By NICK GILBERTSON Google Chrome has announced a significant update for its more than three billion users after detecting 30 security vulnerabilities on its browser — seven of which were deemed highly severe — just weeks after issuing an update for a zero-day vulnerability that hackers exploited.
The company issued a press release on April 26 announcing that it will promote Google Chrome 101.0.4951.41 in the coming days or weeks to the stable channel for Mac, Windows, and Linux, which will offer protection from the dozens of common vulnerabilities and exposures (CVE) found on the browser, which Statista reports is used by 3.2 billion people.
“Access to bug details and links may be kept restricted until a majority of users are updated with a fix,” Chrome said in its release.
“A vulnerability is a mistake in software code that provides an attacker with direct access to a system or network,” CSO reported, citing the CVE website. “It could allow an attacker to pose as a super-user or system administrator with full access privileges.”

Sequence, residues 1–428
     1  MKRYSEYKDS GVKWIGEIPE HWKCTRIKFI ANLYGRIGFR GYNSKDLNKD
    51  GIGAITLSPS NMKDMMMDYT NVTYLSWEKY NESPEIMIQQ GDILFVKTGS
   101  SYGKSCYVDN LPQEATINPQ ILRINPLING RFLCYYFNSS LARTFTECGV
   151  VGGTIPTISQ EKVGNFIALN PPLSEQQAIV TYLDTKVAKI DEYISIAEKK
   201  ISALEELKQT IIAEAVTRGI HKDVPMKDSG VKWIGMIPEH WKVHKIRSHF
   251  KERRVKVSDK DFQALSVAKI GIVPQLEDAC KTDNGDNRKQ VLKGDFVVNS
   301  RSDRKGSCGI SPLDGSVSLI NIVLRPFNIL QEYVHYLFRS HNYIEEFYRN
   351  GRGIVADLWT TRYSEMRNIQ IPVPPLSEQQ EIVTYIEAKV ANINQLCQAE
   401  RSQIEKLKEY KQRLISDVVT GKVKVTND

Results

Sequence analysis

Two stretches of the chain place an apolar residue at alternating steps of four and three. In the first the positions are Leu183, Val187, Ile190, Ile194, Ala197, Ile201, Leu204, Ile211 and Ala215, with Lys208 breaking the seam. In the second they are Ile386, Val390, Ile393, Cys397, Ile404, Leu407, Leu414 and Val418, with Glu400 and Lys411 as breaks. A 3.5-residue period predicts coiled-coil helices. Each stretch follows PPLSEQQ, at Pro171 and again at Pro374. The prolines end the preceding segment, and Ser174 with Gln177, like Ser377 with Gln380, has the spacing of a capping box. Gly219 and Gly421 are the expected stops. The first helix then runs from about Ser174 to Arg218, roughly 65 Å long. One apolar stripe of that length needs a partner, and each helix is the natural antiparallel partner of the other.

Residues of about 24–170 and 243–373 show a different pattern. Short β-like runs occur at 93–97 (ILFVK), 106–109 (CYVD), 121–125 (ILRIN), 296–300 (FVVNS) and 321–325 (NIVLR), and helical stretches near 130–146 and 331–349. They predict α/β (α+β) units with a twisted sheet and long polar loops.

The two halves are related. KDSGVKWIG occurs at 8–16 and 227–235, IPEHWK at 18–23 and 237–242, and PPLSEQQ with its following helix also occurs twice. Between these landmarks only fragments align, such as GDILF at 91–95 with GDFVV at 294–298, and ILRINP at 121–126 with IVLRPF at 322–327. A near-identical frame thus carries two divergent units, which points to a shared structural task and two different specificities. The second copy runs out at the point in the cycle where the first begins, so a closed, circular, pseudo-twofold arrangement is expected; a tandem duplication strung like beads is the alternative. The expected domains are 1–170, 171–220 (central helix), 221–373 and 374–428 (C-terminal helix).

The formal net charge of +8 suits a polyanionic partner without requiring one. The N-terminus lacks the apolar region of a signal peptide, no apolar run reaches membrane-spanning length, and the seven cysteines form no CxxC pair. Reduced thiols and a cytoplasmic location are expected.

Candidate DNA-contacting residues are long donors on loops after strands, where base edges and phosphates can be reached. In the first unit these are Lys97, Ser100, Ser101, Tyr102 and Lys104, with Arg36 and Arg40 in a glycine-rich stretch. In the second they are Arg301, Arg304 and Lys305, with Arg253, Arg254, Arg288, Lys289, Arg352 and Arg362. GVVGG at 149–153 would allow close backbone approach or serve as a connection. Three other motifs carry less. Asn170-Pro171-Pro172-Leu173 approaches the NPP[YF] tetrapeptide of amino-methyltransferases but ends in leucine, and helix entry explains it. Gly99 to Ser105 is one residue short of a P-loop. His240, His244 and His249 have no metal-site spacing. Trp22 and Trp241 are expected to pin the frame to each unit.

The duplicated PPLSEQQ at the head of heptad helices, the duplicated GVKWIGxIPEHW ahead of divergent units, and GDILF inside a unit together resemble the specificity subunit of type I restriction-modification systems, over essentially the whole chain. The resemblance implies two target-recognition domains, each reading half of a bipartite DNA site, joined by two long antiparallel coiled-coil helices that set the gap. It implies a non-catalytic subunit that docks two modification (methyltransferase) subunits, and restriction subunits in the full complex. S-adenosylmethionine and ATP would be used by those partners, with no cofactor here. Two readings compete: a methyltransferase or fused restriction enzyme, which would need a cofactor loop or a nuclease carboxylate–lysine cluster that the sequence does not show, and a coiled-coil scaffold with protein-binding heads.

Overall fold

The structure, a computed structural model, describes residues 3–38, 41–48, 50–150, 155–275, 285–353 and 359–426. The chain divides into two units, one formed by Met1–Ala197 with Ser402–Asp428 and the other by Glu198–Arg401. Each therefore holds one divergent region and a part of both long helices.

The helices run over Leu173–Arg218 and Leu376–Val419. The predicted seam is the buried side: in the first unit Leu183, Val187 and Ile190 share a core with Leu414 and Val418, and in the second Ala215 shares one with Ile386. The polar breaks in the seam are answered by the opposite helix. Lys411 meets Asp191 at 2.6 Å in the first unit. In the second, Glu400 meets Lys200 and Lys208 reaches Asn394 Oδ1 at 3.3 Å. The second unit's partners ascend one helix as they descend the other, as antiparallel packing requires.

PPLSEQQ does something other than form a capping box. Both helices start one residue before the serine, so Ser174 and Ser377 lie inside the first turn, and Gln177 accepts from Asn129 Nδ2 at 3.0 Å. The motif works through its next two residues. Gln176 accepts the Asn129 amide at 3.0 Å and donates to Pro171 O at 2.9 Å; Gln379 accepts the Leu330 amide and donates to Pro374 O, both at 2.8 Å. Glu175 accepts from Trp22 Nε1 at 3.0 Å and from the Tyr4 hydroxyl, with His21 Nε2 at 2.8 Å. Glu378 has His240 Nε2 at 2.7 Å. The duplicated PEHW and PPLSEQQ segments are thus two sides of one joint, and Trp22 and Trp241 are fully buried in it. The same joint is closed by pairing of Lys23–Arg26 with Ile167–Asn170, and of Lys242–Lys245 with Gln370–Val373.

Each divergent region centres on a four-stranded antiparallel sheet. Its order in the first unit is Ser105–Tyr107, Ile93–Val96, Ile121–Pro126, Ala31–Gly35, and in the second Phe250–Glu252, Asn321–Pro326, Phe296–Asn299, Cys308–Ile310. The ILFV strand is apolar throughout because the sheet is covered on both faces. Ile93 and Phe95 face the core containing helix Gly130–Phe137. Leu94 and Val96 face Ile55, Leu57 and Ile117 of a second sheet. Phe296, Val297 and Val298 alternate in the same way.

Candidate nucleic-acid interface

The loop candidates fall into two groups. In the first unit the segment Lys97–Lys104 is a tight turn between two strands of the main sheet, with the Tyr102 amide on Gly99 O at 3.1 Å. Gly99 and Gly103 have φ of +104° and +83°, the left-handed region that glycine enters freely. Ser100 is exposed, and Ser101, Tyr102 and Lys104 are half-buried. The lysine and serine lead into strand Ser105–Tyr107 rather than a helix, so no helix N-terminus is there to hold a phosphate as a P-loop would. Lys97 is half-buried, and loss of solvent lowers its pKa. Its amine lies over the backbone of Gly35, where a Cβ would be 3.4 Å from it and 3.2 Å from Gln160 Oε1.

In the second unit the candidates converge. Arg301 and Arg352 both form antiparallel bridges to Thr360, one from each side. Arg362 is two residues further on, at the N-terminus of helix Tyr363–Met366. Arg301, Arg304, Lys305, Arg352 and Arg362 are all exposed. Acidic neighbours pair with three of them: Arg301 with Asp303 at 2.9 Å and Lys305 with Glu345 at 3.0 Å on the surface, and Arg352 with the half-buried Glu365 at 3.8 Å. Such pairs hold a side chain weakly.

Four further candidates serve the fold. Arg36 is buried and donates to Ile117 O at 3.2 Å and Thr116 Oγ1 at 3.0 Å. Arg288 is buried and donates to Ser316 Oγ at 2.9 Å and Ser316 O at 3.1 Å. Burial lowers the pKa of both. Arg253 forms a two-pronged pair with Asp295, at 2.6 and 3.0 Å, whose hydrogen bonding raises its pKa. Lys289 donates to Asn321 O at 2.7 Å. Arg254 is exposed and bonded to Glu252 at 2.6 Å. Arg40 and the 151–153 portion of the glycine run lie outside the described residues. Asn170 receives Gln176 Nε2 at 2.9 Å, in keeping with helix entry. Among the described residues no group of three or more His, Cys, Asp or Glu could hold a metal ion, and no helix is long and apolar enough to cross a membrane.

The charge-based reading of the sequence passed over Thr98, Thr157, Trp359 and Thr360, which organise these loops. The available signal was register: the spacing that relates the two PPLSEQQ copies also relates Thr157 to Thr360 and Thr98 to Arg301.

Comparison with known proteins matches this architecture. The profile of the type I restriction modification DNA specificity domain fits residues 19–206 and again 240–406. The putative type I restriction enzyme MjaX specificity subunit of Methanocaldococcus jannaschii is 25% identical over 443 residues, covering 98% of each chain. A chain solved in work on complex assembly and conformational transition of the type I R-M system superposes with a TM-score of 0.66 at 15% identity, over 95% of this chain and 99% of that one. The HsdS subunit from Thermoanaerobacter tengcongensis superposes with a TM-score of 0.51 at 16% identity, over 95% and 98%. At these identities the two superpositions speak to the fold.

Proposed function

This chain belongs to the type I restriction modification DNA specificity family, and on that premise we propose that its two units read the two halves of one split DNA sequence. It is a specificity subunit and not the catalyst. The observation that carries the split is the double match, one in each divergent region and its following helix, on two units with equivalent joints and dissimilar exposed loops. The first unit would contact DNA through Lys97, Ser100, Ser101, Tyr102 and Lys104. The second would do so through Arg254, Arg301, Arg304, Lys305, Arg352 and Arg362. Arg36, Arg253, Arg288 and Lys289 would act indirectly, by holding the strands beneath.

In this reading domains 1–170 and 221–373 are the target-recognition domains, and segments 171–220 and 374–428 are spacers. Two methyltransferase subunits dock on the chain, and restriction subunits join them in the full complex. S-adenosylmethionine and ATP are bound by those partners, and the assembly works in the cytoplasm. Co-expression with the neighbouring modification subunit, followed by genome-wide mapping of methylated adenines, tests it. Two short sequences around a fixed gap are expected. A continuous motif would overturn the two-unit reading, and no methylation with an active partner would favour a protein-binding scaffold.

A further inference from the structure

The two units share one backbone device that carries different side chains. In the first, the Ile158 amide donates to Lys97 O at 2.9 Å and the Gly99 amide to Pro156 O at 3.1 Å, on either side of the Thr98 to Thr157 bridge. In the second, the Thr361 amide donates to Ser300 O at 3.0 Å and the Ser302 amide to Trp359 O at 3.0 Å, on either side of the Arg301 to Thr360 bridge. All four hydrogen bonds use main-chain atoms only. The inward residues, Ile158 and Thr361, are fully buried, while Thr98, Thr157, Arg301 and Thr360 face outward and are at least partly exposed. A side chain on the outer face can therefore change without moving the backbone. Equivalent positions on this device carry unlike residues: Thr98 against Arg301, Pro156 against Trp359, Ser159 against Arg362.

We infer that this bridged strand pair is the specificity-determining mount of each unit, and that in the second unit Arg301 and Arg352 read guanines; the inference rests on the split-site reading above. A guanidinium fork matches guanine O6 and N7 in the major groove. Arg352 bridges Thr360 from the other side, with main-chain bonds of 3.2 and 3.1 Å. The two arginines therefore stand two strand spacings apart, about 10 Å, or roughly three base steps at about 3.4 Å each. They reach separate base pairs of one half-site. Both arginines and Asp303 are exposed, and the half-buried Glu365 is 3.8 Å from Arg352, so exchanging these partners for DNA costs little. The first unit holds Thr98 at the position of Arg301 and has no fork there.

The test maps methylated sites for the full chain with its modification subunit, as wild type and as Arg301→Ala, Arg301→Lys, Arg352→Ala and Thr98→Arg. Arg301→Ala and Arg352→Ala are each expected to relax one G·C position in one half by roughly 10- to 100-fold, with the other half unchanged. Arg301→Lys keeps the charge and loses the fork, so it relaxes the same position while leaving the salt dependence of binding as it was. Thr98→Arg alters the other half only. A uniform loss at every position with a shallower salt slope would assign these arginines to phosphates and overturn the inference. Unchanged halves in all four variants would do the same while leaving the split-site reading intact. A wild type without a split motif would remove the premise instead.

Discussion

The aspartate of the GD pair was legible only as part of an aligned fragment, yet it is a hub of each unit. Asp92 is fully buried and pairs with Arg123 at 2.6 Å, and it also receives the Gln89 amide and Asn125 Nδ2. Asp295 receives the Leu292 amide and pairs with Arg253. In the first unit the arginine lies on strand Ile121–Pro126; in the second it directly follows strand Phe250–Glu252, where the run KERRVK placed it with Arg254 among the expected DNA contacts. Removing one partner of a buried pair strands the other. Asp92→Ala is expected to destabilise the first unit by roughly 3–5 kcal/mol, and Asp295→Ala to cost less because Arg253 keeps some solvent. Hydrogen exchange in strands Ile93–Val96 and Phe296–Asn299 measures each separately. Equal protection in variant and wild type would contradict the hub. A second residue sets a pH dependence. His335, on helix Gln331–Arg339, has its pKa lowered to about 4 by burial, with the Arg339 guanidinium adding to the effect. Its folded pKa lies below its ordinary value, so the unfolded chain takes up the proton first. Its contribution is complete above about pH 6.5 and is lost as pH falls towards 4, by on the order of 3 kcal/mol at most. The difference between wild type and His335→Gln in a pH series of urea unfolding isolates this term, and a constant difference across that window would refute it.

The company noted that hackers had not yet exploited the vulnerabilities, WIRED reported. However, on April 14, Google Chrome announced a patch that corrected the high-risk CVE-2022-1364, which hackers did exploit, according to WIRED. The browser updated the stable channel to 100.0.4896.127 for Mac, Windows, and Linux users.
“The technical details aren’t currently available, but the timing of the fix—just a day after it was reported—indicates it’s pretty serious,” WIRED wrote.
The incident followed another high-threat CVE patch announced on March 25, in which Google said attackers were already exploiting CVE-2022-1096. Forbes noted the fact that the company corrected a single vulnerability, emphasizing the severity of the issue. The bug was fixed when the stable channel for Windows, Mac, and Linux was updated to 99.0.4844.84.